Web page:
Introduction Pain is a common and debilitating symptom in survivors of critical illness. The ‘Core Outcome Set for Survivors of Acute Respiratory Failure’ proposes that the pain and discomfort question of the EuroQol 5 Dimension 5 Level (EQ-5D-5L) could be used to assess pain in this group, however, it was recognised that further research is required to evaluate how this single question compares to other more detailed pain tools. This study aims to evaluate the relationship between the pain and discomfort question of the EQ-5D-5L and the Brief Pain Inventory (BPI) in survivors of critical illness.
Methods This study retrospectively analysed paired EQ-5D-5L and BPI data extracted from a prospective, multicentre study evaluating the impact of a critical care recovery programme. 172 patients who received a complex recovery intervention and 108 patients who did not receive this intervention were included. Data were available for the intervention cohort at multiple time points, namely, baseline, 3 months and 12 months. While, data were available for the usual care cohort at a single time point (12 months). We assessed the correlation between the pain and discomfort question of the EQ-5D-5L and two separate components of the BPI: severity of pain and pain interference.
Results Correlation coefficients comparing the pain and discomfort question of the EQ-5D-5L and the BPI pain severity score ranged between 0.73 (95% CI 0.63 to 0.80) and 0.80 (95% CI 0.72 to 0.86). Correlation coefficients comparing the pain and discomfort question of the EQ-5D-5L and the BPI pain interference score ranged between 0.71 (95% CI 0.62 to 0.79) and 0.83 (95% CI 0.76 to 0.88) across the various time points.
Conclusions The pain and discomfort question of the EQ-5D-5L correlates moderately well with a more detailed pain tool and may help to streamline assessments in survivorship studies. More in-depth tools may be of use where pain is the primary study outcome or a patient-reported concern.
- Assisted Ventilation
- Patient Outcome Assessment
- Critical Care
Data availability statement
Data are available on reasonable request. Data are available on request from the corresponding author.
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WHAT IS ALREADY KNOWN ON THIS TOPIC
The ‘Core Outcome Set for Survivors of Acute Respiratory Failure’ proposed that the single pain and discomfort question of the EQ-5D-5L could be used to assess pain.
WHAT THIS STUDY ADDS
This study found that responses to this single question correlated well with both the pain severity and pain interference components of the Brief Pain Inventory, a more detailed tool for evaluating pain.
HOW THIS STUDY MIGHT AFFECT RESEARCH, PRACTICE OR POLICY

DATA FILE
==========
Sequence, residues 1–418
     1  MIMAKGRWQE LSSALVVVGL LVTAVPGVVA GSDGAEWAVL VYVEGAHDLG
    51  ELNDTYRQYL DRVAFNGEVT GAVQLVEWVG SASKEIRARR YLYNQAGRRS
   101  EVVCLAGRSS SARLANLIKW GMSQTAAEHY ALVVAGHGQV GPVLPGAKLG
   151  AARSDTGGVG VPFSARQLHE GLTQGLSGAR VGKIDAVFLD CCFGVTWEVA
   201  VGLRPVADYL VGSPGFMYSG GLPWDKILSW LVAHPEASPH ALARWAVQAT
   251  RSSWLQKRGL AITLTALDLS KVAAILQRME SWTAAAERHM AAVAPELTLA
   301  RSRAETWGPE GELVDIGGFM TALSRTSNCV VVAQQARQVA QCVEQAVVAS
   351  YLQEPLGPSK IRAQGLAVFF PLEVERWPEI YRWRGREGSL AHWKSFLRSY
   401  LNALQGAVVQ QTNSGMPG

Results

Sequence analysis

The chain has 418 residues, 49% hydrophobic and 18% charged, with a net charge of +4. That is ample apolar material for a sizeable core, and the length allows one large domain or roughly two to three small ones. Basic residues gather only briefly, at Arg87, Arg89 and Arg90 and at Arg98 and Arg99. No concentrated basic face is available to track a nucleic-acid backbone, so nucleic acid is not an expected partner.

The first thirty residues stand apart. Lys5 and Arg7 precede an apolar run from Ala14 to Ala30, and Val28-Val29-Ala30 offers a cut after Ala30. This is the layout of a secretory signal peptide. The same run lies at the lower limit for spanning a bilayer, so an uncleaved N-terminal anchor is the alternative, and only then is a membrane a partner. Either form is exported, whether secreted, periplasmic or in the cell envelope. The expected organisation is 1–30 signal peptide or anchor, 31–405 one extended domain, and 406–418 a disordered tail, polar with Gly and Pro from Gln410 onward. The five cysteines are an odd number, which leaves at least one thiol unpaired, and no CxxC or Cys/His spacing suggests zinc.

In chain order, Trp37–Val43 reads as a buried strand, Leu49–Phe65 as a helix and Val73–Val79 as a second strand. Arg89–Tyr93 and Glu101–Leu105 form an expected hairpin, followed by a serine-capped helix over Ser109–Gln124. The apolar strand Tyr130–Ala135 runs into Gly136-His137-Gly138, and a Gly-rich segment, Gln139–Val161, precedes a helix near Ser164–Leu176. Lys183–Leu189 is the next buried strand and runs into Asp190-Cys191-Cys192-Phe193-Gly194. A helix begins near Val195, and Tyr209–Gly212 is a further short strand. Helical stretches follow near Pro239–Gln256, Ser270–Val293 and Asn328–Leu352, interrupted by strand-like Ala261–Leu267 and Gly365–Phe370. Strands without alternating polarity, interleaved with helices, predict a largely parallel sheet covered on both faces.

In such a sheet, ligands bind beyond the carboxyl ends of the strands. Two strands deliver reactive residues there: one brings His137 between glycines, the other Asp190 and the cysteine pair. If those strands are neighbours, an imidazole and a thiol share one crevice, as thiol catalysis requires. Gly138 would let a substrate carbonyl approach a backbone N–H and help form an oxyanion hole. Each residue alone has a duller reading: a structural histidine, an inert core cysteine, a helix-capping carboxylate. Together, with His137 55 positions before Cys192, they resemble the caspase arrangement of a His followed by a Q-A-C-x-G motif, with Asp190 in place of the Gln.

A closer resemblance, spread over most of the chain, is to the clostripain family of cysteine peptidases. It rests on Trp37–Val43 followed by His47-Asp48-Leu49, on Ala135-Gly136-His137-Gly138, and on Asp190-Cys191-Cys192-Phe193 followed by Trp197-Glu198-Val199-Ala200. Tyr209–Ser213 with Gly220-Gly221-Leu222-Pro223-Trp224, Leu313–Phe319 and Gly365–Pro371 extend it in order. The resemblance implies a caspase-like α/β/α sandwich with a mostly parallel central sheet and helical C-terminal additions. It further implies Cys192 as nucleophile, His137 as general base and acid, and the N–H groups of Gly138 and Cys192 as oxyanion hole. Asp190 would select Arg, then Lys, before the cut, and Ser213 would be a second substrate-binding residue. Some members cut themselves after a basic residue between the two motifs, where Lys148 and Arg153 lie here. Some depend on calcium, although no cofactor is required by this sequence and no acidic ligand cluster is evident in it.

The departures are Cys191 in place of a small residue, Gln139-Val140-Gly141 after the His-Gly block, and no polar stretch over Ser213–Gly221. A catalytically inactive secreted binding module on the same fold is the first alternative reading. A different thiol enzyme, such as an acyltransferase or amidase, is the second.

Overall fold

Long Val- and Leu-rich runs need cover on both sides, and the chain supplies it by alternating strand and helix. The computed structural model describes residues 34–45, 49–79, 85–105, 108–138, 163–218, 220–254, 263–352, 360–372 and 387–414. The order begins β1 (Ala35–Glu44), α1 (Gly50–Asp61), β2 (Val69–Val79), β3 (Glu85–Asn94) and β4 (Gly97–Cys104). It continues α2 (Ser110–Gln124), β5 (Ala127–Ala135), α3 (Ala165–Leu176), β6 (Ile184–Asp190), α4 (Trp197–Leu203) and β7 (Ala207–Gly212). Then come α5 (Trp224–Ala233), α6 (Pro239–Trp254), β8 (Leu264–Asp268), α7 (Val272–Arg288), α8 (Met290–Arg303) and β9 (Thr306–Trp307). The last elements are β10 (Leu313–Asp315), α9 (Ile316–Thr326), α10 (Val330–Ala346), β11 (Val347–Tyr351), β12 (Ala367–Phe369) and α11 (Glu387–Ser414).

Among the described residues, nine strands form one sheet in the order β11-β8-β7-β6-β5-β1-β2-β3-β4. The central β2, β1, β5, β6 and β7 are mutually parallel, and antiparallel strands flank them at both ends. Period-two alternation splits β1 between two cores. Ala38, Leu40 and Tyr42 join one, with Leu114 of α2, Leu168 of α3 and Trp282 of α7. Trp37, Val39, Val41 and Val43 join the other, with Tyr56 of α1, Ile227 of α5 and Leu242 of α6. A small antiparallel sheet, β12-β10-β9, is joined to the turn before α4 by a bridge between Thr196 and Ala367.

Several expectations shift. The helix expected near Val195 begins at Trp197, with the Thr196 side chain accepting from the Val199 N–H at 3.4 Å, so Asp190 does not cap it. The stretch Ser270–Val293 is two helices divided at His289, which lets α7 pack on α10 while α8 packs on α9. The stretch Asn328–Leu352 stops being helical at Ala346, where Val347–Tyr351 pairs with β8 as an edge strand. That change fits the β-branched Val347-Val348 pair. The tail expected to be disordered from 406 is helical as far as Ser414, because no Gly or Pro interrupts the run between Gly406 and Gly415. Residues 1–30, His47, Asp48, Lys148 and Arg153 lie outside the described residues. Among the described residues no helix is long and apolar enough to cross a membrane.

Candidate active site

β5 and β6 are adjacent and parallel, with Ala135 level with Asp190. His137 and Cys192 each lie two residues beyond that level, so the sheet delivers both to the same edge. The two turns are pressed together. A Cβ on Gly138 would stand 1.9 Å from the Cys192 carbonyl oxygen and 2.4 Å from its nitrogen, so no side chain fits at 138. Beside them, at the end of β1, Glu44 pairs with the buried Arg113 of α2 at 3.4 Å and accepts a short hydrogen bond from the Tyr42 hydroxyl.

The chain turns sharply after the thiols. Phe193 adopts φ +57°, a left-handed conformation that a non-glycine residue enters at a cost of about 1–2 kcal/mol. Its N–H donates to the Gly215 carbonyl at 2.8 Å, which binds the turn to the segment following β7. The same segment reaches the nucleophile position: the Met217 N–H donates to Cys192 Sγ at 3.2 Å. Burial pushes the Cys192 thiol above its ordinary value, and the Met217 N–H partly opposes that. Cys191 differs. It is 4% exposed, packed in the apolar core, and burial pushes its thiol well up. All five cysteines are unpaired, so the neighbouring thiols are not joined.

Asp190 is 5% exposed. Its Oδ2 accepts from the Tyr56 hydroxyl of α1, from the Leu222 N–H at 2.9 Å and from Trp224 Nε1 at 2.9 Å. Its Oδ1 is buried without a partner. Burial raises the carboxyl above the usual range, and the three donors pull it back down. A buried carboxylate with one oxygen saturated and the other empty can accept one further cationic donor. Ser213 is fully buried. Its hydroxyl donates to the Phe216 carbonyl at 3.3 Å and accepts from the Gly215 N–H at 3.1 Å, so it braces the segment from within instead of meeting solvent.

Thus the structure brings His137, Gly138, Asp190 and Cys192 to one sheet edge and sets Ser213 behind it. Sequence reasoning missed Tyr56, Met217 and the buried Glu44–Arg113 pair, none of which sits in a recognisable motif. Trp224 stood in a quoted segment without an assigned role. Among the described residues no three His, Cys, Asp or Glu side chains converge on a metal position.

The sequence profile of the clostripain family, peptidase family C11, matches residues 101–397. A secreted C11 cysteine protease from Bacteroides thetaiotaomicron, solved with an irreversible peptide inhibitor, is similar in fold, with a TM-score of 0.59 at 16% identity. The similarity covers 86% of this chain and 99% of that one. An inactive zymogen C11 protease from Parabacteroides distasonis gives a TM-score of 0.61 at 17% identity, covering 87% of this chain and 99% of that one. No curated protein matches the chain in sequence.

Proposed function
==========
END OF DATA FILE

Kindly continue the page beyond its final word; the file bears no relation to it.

The single pain and discomfort question of the EQ-5D-5L may help streamline the assessment of pain in critical illness survivorship studies, however, more detailed tools may be required where pain is the primary study outcome, or a patient-reported concern.
Core outcomes sets (COSs) are an agreed, standardised collection of outcomes which should be measured and reported in trials for a specific clinical area.1 COSs have been developed in order to facilitate data synthesis with the aim of providing answers to complex questions across multiple studies.2 COSs have been established in a variety of different areas within the critical care field including recovery and long-term outcomes in survivors of acute respiratory failure (ARF).3 This COS for survivors of ARF was developed by a modified Delphi consensus process, and identified the Hospital Anxiety and Depression Scale, the Impact of Events Scale-Revised, the EuroQol 5 Dimension 5 Level (EQ-5D-5L) and the 36-item Short Form Health Survey (SF-36) as core outcome measures. During the development process, the assessment of pain was highlighted a key area of importance.4 While the SF-36 also assesses pain as one of its eight domains, the pain and discomfort question of the EQ-5D-5L was selected for inclusion in this COS to evaluate pain.3
Up to 66% of those who survive critical illness will develop chronic pain5 resulting in wide-ranging functional impact, affecting quality of life, activities of daily living and return to work.6 7 While the pain and discomfort question of the EQ-5D-5L achieved consensus for inclusion as a core outcome measure for pain, it was recognised that the evaluation of pain across the survivorship trajectory is complex and requires further investigation.3 The properties of this tool have previously been evaluated in patients with chronic pain of other aetiologies validating its internal and external validity for these particular cohorts.8 9 However, further research is required to specifically assess how the EQ-5D-5L compares to other more detailed, and consequently more time-consuming, measures of pain in survivors of critical illness.3
Therefore, using data obtained from a multicentre, prospective, cohort study, we aimed to assess the relationship between the pain and discomfort question in the EQ-5D-5L and the Brief Pain Inventory (BPI) (Short Form) in survivors of critical illness.
This study is a retrospective analysis of data collected via a multicentre prospective cohort study of patients followed up after discharge from intensive care. Patients in the intervention cohort attended the Intensive care Syndrome: Promoting Independence and Return to Employment (InS:PIRE) programme, a complex integrated health and social care intervention, delivered weekly for 5 weeks, with return visits at 3 and 12 months.10 11 Patients receive structured reviews from an Intensive Care Unit (ICU) doctor and nurse, a pharmacist and a physiotherapist.12 13 Clinical neuropsychology input, peer support and input from local community organisations are embedded into the sessions. Patients were recruited between 2016 and 2020 from nine hospitals in Scotland.10